Reading Wilfredo Nolledo’s “But for the Lovers” is a bit like walking through a primordial forest. Everything is familiar, but not quite. The trees are of an alien, phosphorescent shade of green. The flowers bloom in arcane geometrical patterns and exude heady and intoxicating scents. Luminescent creatures flit through branches or run stealthily across the underbush. And one faces the likelihood of being eaten. Because to read Nolledo’s prose is to be consumed by it, by its density, by its lushness, by the rules and caprices of its fictional universe. And one cannot help but enjoy the consumption.
A league of his own
The National Artist Nick Joaquin called Nolledo’s work a “baroque labyrinth,” and that description also captures the strange magic of his work. Set in a labyrinthine Manila during the Japanese occupation and American liberation, the novel follows an equally dense cast of characters trying to survive in wartime: a chameleonic thief and trickster, a mystical and magnetic young woman, a one-armed prophet, an aristocratic vaudeville actor fallen on hard times, a lecherous landlady, psychopathic Japanese soldiers, an aged opera singer, a philandering locksmith, a shrewd bar-owner, all of them navigating a Manila filled with patriots and traitors, hustlers and heroes, bombarded by airstrikes, haunted by former glories, torn across conflicting motivations and dark desires. The novel is equally marvelous and macabre, entrancing and apocalyptic. From the first, unforgettable line, the reader is thrust into Nolledo’s singular vision: “He was beginning to eat flowers and the crescent moon was in his eyes when he awoke again.”
“But for the Lovers” reminds the reader that language is foundation of any literary work, and a maverick like Nolledo is able to shape language to create whatever wondrous forms he wants. In her foreword to the new and first Philippine edition of the novel, Gina Apostol said that reading the novel was “sheer fun.” And the novel is a delight, primarily because of how gleefully and cheekily Nolledo plays with language. He describes a rundown boarding house as “pocked with graffiti, impervious to all imaginable horrors, the property had become the progenitor of a new class culture.” Describing the wiles of a dancer, Nolledo writes, “Maddalena rocked, Maddalena rolled her belly to a stupefied combo of flute, saxophone and castanets. Veiled but vibrant, she cruised among tippers and ticklers behind potted palms and terracotta antiques, crunching peanut shells on a floor linoleumed with squashed flies, essence of mosquitos and male droppings. Whiff of whiskey and turpentine tanged the dusty air.” “But for the Lovers” possesses an unparalleled musicality. Reading the novel aloud gives the reader added pleasure, because it allows them to further cherish the rhythms and tones of Nolledo’s prose. He is a master at revealing and concealing. He describes every dark corner, ruined building, run-down apartment, fraught gesture, while enriching the mysteries at the heart of each character, their tangled fates and desires. The novel is relentless. Every page is filled with such vibrancy that by the time the reader reaches its frenzied climax, one might feel a little drunk.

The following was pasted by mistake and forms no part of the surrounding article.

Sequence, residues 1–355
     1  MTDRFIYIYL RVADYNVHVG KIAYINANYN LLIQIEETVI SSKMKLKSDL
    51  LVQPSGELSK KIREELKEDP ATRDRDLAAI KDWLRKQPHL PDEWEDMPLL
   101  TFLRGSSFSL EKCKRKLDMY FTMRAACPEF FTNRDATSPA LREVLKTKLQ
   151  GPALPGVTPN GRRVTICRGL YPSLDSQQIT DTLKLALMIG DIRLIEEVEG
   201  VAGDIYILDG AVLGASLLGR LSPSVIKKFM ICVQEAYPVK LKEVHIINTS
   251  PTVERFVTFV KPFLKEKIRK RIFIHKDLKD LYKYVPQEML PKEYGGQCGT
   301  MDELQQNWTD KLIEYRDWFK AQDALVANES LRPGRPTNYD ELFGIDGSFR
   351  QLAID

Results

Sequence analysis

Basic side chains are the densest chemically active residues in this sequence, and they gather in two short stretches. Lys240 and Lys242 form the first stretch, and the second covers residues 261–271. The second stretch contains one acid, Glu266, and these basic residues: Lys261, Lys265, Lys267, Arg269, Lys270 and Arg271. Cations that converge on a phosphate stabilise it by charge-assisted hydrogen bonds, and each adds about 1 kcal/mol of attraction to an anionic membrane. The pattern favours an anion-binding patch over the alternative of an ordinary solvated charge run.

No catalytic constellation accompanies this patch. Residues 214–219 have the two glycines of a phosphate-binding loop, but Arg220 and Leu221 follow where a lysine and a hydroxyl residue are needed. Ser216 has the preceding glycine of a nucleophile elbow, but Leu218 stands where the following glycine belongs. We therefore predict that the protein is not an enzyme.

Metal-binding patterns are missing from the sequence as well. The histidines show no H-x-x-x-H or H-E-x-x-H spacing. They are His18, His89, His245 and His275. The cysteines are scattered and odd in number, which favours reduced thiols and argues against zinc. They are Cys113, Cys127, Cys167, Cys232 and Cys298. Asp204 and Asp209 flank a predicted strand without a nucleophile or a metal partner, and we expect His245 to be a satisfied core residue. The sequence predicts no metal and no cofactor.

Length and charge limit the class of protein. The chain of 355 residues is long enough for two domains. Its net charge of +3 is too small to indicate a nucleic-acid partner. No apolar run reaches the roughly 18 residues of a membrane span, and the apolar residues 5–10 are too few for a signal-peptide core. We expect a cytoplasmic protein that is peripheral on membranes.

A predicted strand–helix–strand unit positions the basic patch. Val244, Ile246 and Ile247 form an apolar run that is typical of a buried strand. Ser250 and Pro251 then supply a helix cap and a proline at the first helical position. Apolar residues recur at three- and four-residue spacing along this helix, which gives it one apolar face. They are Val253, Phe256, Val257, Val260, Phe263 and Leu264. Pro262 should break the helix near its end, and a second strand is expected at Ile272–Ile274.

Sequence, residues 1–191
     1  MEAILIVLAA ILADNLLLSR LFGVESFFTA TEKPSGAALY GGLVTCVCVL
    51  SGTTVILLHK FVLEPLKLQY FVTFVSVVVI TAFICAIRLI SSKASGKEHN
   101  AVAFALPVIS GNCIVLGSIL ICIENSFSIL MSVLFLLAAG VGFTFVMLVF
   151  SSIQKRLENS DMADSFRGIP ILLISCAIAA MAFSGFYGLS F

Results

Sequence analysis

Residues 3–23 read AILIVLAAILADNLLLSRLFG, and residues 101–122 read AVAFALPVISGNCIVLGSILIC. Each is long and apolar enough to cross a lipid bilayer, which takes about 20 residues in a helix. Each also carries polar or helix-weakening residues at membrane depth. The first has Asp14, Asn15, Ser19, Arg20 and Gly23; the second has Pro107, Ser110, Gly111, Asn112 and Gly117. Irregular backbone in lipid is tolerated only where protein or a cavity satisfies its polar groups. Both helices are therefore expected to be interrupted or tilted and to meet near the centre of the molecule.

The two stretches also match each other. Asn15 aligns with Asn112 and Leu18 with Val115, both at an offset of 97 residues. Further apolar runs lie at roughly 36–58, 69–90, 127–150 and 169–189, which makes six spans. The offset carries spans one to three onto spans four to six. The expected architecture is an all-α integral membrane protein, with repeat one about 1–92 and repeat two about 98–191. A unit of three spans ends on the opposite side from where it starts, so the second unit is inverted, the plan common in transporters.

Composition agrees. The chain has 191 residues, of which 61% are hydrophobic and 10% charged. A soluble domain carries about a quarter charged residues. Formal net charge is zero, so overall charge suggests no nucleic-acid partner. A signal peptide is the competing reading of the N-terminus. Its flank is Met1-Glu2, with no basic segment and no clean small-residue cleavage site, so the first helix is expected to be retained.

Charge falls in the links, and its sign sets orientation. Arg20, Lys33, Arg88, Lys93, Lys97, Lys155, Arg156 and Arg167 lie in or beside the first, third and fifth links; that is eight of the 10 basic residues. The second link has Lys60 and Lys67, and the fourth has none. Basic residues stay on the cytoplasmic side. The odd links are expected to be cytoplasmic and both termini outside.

An old novel for a new world
Yet, for all its literary pyrotechnics, “But for the Lovers” never glamorizes or romanticizes war. The novel is sheer fun to read because of Nolledo’s grasp of language. But the substance of the novel is nightmarish. It does not shy away from showing the horrors of war. In one of the novel’s earliest sections, the soldiers and prisoners gang-rape the corpse of a woman. There are long scenes of torture. There are dank and bloodied jail cells. An interrogation ends with a stoning and an eye gouging. Civilians are brutalized, soldiers are traumatized, an entire city is razed. The climactic battle in Manila reads, “The children swooped around the ambushers, who stabbed them too; and two, three, four, fell, wounded, dying, dead. Someone bleeding tumbled out of uncrated cordage, sped to a bridge, then to other bridges, and before the two bearded men could get away, the uniformed patriots showed up again and mowed them down: systematically, without fuss.” Even without delving into the violence of war, Nolledo is stark in his depictions of poverty and hardened life under occupation. Making their way to the bay to watch the sunset, Amoran the thief and the mysterious girl (who may or may not be named Alma) observe their decrepit surroundings: “What matters if they were replicas of tattered beggars on the embankments? Manila swarmed with such stillborn creatures. For such a physical time, flesh seemed transparent, flesh was transparent only from watery green iris. Trucks were driven by insomnia, pushcarts trundled by inertia, the black market skulked on spidery limbs....” Much like Gilda Cordero-Fernando’s landmark short story “A Wilderness of Sweets,” “But for the Lovers” is unflinching in its portrayal of the hungers, the miseries, the humiliations, the traumas, and the human costs of war. At a time of increasing militarization and global warmongering, the novel presents a harrowing and chilling argument for peace.
“But for the Lovers” remained tragically unpublished in the Philippines until the efforts of Exploding Galaxies, a new local press dedicated towards publishing out-of-print Philippine fiction. An edition of the novel was published by Dalkey Archive, a US-based publisher. But now, Filipino readers can easily get a copy of Nolledo’s rapturous novel, issued in a sleek orange design, with a foreword from the eminent novelist Gina Apostol and an introduction from the erudite journalist Audrey Carpio. Hopefully, the novel gains the wide readership that has undeservedly eluded it for decades.
Buy a copy of “But for the Lovers” through the Exploding Galaxies website or in select bookstores soon.